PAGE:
Many chemicals that are released into the environment are extremely stable. This means that they hang around for a long time, and this is a major problem if they are damaging to health or the environment. One group of stable chemicals is the aromatic hydrocarbons. These contain a carbon ring structure that does not degrade easily.
Some bacteria make enzymes which can break these stable ring structures and convert them into useful metabolic compounds, and it is a group of these enzymes that I am studying. Enzymes are normally highly specific in the reactions they carry out, and it would be useful to redesign enzymes to break down a wider range of aromatic compounds. These might then be useful in preventing the release of dangerous, stable pollutants into the environment.
Before such enzymes can be designed, we need to learn more about how they catalyse the reactions they do. Working out the 3D structure of an enzyme is an important step in learning about how it functions. The classic way of doing this is to grow crystals of the enzyme. X-rays can then be fired through these crystals, and the pattern they make can be interpreted to give a structure. Once we know the 3D structure of the enzymes, we can try to work out where the active site is, and then which amino acids in the protein sequence are responsible for the specificity of the enzyme, and which physically take part in the catalysis. This can be done in a series of steps:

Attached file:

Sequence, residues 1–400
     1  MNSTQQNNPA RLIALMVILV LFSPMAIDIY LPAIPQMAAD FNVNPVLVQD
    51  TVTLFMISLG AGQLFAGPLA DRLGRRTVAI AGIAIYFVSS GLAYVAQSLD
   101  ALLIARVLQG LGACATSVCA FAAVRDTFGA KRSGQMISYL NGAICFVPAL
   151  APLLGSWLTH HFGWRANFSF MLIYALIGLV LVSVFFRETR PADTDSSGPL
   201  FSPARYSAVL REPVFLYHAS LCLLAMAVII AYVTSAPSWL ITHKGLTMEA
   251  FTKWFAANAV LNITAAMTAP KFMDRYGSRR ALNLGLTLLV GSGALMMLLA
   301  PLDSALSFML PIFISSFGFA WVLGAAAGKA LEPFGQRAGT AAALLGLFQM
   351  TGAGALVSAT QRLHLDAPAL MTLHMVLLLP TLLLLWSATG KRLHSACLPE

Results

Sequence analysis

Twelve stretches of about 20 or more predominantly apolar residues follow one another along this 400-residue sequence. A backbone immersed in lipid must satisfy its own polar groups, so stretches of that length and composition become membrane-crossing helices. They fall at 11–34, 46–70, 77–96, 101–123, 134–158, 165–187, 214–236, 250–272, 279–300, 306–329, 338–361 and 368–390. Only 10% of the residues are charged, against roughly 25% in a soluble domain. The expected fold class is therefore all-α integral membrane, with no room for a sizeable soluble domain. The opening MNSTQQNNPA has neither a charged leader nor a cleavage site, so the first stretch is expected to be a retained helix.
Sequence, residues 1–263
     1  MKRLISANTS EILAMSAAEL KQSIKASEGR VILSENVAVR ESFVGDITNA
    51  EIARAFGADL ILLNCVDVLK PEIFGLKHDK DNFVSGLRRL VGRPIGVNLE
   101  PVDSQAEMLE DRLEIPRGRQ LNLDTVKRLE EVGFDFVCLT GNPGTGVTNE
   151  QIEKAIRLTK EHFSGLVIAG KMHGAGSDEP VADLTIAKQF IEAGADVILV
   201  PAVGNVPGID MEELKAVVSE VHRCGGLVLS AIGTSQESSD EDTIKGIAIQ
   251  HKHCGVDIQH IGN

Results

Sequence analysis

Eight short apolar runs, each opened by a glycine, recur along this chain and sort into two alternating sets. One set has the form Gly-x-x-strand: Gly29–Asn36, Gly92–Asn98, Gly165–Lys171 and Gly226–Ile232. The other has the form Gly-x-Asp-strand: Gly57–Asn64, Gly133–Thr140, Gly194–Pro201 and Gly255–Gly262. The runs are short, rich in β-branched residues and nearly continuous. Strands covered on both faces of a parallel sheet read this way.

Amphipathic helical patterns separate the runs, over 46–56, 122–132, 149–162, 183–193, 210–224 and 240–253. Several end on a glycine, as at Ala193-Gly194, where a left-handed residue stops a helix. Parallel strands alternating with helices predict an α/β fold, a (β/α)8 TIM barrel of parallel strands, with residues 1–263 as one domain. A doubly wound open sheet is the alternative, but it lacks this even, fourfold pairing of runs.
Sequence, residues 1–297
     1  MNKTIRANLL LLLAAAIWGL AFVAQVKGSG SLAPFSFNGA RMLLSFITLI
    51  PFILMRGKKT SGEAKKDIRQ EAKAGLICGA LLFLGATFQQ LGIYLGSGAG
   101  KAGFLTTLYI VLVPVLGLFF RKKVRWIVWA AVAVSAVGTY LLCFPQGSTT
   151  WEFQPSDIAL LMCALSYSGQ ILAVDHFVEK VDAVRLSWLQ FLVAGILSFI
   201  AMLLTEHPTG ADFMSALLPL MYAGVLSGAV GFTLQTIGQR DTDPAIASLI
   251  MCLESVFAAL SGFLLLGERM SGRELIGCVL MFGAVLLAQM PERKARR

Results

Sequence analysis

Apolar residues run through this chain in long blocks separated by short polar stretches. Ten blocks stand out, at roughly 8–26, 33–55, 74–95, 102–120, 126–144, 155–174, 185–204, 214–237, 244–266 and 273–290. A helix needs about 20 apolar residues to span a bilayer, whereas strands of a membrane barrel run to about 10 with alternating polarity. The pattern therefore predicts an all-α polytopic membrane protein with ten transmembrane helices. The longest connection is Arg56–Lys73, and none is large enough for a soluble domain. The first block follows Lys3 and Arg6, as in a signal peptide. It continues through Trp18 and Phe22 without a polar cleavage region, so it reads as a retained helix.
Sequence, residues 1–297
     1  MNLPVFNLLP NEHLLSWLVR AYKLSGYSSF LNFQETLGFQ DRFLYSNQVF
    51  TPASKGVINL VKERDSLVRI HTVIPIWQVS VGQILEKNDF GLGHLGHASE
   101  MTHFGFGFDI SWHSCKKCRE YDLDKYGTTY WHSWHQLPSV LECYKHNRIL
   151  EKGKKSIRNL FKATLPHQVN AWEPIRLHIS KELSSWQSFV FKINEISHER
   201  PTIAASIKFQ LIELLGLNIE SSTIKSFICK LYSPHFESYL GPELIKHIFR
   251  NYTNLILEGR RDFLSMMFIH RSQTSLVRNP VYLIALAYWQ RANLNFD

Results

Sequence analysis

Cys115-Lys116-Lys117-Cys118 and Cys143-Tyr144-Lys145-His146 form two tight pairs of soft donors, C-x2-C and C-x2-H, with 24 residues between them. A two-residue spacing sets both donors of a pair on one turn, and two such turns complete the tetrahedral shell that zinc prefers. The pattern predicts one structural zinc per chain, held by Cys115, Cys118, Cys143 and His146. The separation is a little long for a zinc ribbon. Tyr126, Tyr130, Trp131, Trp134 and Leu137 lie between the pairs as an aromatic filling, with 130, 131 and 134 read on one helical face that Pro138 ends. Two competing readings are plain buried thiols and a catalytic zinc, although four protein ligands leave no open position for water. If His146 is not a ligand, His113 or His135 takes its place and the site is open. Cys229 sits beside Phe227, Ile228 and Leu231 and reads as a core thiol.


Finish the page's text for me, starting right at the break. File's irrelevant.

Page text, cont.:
1. Mutate specific points in the DNA sequence that codes for the enzyme;
2. Engineer bacteria to read the mutated DNA sequence and produce high yields of the modified enzyme;
3. Extract and purify the enzyme from the bacterial cells;
4. Carry out a series of different assays with the enzyme and analyse the results to see if the specific amino acid change has affected the binding or activity of the enzyme.
These are some of the techniques I am using in the lab as part of my PhD project.